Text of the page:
The Academy of Young Preachers is a trans-denominational organization that seeks to identify, support, and inspire young preachers and their calls to preaching. Founded by Dwight Moody in 2010, the academy holds nationwide conferences when young preachers are invited to preach sermons on the theme of conference. This year, young preachers from around the nation gathered in Indianapolis, Indiana, to preach on the theme “Questions of the Soul.” The following sermon was delivered by James Wesley Dennis III, Academy of Young Preachers Class of 2011.
“Do You Understand What You are Reading?”
Acts 8:30, NRSV
In the name of the Lord, the most gracious, the most merciful; Creator of the Seen and the Unseen. It is in the Lord that we put our trust. Isn’t it wonderful that the fire has not burnt us and the waters have not drowned us? For we are still in the land of the dying on our way to the land of the living.
Friends, history has taught us that one of the greatest tools toward the liberation of marginalized and oppressed people is the ability to read. This is because reading takes from the marginalized and the oppressed the bliss of ignorance. Reading creates a state of perpetual discontentment as it exposes the readers to the truth about their existential reality. Reading allows the otherwise disenfranchised readers to connect themselves and their struggles to the freedoms, ideas, thoughts, and beliefs of the privileged majority, and it causes their minds to be liberated from the mental chains of slavery. For you see, freeing the mind is the perquisite to freeing the self. If you free the self before you free the mind, you would have created only people who look free but who are still controlled by the power, privilege and propaganda of the ruling majority. This is why W.E.B. Du Bois said of the African slaves living in this country that “The slave went free; stood a brief moment in the sun; then moved back into slavery.” Why? Although their bodies were free from the torture of slavery, their minds were still wrapped around the fingers of slave masters who would rather see those black men and women dead before they were free.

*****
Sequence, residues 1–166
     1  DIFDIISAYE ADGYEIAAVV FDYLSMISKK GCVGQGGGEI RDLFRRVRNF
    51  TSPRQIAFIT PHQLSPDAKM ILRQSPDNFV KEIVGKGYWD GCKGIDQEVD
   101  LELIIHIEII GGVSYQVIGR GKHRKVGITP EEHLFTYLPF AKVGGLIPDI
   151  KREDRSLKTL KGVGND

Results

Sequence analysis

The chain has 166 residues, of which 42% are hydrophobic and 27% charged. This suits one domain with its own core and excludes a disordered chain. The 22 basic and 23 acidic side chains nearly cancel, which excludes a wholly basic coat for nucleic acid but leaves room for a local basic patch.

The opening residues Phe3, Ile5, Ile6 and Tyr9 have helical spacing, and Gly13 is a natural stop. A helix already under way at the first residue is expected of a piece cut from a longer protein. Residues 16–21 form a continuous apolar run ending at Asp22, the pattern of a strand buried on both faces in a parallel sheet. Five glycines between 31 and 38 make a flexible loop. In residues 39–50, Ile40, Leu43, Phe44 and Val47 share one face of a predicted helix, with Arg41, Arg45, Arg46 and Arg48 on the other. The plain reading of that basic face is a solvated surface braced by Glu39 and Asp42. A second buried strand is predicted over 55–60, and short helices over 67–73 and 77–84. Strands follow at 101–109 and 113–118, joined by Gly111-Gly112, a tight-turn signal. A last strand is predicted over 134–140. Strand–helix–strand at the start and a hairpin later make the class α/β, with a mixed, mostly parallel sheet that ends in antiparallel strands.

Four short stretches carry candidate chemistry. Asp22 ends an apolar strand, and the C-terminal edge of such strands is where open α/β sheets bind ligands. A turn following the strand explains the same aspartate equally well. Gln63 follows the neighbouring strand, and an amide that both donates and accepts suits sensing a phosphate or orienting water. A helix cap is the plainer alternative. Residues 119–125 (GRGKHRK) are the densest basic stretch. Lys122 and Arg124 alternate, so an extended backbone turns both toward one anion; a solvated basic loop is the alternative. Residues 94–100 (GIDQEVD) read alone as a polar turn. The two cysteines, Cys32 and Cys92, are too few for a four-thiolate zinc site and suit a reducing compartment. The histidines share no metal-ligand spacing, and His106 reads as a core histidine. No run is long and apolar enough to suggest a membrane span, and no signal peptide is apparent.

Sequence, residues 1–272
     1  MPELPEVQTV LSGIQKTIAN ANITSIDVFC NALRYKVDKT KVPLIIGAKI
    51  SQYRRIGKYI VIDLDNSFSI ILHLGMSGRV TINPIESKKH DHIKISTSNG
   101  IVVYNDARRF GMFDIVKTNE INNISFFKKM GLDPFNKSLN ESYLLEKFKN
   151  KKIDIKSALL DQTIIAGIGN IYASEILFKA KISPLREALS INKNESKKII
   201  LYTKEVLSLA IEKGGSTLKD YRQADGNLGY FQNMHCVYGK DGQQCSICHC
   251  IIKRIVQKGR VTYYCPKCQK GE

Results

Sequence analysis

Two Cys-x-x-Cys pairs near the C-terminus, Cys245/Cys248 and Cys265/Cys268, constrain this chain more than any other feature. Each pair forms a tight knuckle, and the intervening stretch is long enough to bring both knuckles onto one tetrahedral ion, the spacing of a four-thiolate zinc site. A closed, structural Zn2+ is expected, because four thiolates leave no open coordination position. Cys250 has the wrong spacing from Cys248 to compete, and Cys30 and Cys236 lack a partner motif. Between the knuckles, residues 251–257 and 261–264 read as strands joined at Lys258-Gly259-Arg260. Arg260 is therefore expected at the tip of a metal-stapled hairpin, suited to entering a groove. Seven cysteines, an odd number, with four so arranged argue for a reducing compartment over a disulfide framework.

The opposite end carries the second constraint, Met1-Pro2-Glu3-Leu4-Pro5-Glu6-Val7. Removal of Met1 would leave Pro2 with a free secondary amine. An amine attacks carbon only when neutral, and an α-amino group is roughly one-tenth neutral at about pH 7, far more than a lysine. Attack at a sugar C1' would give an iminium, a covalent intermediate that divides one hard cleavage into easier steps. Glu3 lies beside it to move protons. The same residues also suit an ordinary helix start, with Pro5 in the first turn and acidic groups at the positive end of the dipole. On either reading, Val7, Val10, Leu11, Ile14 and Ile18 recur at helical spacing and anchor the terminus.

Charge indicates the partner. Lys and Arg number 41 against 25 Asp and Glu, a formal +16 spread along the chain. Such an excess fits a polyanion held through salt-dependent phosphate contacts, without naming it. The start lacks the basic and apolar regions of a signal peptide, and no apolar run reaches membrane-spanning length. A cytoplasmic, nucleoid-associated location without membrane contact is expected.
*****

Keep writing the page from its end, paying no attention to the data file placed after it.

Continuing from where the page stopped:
The ability to read is powerful because it liberates the mind, in other words, it makes people think for themselves. This is evident in the autobiography of Frederick Douglass. His owner disapproved of his learning how to read because he knew that learning to read would create discontentment for Douglass and make him want freedom. Once you acquire knowledge, you can’t return to the slave dungeons of ignorance anymore. Douglass writes:
“As I read and contemplated the subject, behold the very discontentment which Master Hugh had predicted would follow my learning to read had already come, to torment and sting my soul to unutterable anguish… I would at times feel that learning to read had been a curse rather than a blessing…. I envied my fellow-slaves for their stupidity… The sliver trump of freedom had roused my soul to eternal wakefulness.”
All this happened because he learned how to read. Reading, literally, freed his mind into thinking without having to accept the way other folks were trying to make him think. He learned how to think for himself. He did not have to wait for anyone to tell him how to think because he had the power of words.
“When the power of words put a vision in you, you can no longer be content with the same old same old. Reading has the power to change your life.
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